Payne SM. Iron and virulence in Shigella. Mol Microbiol. 3 (9) :1301-6.Abstract
Iron limitation, a condition encountered within mammalian hosts, induces the synthesis of a number of proteins in pathogenic Shigella species. These include several outer membrane proteins, Shiga toxin, and proteins involved in the biosynthesis and transport of high-affinity iron-binding compounds or siderophores. Although siderophores have been shown to play a major role in the virulence of some bacterial pathogens, these compounds do not appear to be essential for the virulence of Shigella species. Unlike those pathogens which are restricted to the extracellular compartments of the host, the Shigella species invade and multiply within host cells. Alternative iron-acquisition systems, such as the ability to utilize haem-iron, permit growth of the intracellular bacteria. Virulent shigellae also possess a cell-surface haem-binding protein, and synthesis of this protein correlates with infectivity and virulence. This protein does not appear to be involved in iron acquisition. Rather, it may allow the bacteria to coat themselves with haem compounds, thus enhancing their ability to interact with target host cells.
Sharma SK, Miller MJ, Payne SM. Spermexatin and spermexatol: new synthetic spermidine-based siderophore analogues. J Med Chem. 32 (2) :357-67.Abstract
Syntheses of hexanediamine-based dihydroxamate (Hexamate), spermidine-based trihydroxamate (Spermexatins), and spermidine-based mixed siderophore analogues (Spermexatols) are described. Key intermediates include the N-hydroxysuccinimide esters of various hydroxamic acids, e.g., malonohydroxamate, succinohydroxamate, and glutarohydroxamate. These intermediates were synthesized, characterized, and incorporated as the ligating chains on spermidine. Also, mixed iron chelating compounds (Spermexatols) with both catechol and hydroxamic acid side chains were synthesized. The reagent carbobenzoxyimidazole was employed to distinguish between the primary and secondary amino groups of spermidine. The ability of these iron chelators to stimulate microbial growth is also described.
Schmitt MP, Payne SM. Genetics and regulation of enterobactin genes in Shigella flexneri. J Bacteriol. 170 (12) :5579-87.Abstract
Although Shigella flexneri possesses the genes for two siderophore systems, enterobactin and aerobactin, the enterobactin system is only rarely utilized. To investigate the regulation of enterobactin expression in S. flexneri, all of the genes specifically required for synthesis and transport of enterobactin were cloned from both an expressing (Ent+) and a nonexpressing (Ent-) strain. Notable differences between the cloned genes included endonuclease restriction site changes and the presence of an IS1 element in the Ent- DNA. Southern hybridization revealed that this IS1 element, present at the 3' end of the entF gene, is conserved at this location in different strains and serotypes of Ent- S. flexneri. The Ent- cloned genes were tested for their ability to complement the defect in 11 different Escherichia coli enterobactin mutants. The Ent- genes fully complemented nine mutants but failed to complement the entF mutant AN117 and only partially complemented the entE mutant AN93. Whole-cell RNA isolated from E. coli and the Shigella strains was hybridized to 32P-labeled DNA containing the entB gene or a fragment carrying a portion of the entF gene. E. coli and the Ent+ Shigella strains exhibited derepression of transcription of these genes in low-iron media. Transcription in the Ent- strain remained repressed regardless of iron concentration. Expression of the entB and entF genes was also examined in an Ent- Shigella fur mutant. Expression of entF was only partially derepressed and entB remained fully repressed at all iron concentrations, suggesting that factors other than Fur are responsible for the repression of these enterobactin genes in the Ent- Shigella strains.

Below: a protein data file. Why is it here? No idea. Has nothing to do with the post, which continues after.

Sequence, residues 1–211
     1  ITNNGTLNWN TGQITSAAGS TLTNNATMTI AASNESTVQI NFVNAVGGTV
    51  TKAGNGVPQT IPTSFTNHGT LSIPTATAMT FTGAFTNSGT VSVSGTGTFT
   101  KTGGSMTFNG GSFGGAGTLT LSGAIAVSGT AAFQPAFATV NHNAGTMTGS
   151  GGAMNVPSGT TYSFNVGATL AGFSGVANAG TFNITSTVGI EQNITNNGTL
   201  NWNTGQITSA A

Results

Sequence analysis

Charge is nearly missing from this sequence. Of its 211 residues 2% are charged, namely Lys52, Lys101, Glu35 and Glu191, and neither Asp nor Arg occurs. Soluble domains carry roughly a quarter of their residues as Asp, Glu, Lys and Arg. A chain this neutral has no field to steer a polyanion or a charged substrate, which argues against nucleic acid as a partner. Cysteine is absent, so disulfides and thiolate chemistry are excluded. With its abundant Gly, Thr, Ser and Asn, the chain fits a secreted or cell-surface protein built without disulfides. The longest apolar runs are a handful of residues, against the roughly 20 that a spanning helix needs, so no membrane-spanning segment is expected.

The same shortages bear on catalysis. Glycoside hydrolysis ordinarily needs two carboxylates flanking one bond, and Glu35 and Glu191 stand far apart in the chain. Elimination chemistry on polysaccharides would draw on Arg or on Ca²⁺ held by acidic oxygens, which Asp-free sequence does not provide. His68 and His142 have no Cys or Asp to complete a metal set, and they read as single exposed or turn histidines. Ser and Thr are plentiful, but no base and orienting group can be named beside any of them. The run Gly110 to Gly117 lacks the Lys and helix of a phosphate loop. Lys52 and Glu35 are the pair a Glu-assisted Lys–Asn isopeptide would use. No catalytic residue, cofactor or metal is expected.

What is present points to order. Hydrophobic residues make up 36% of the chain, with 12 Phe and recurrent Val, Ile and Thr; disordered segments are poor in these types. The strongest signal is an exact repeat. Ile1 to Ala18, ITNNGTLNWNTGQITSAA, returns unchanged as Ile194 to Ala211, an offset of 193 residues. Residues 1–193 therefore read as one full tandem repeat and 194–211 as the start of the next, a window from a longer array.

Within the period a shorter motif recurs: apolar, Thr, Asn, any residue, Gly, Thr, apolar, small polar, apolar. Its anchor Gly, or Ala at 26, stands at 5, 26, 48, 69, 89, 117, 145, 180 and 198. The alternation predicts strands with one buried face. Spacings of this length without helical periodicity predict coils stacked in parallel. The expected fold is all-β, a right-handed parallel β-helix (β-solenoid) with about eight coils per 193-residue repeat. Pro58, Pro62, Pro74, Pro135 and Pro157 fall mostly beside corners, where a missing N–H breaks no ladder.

Payne SM. Iron and virulence in the family Enterobacteriaceae. Crit Rev Microbiol. 16 (2) :81-111.Abstract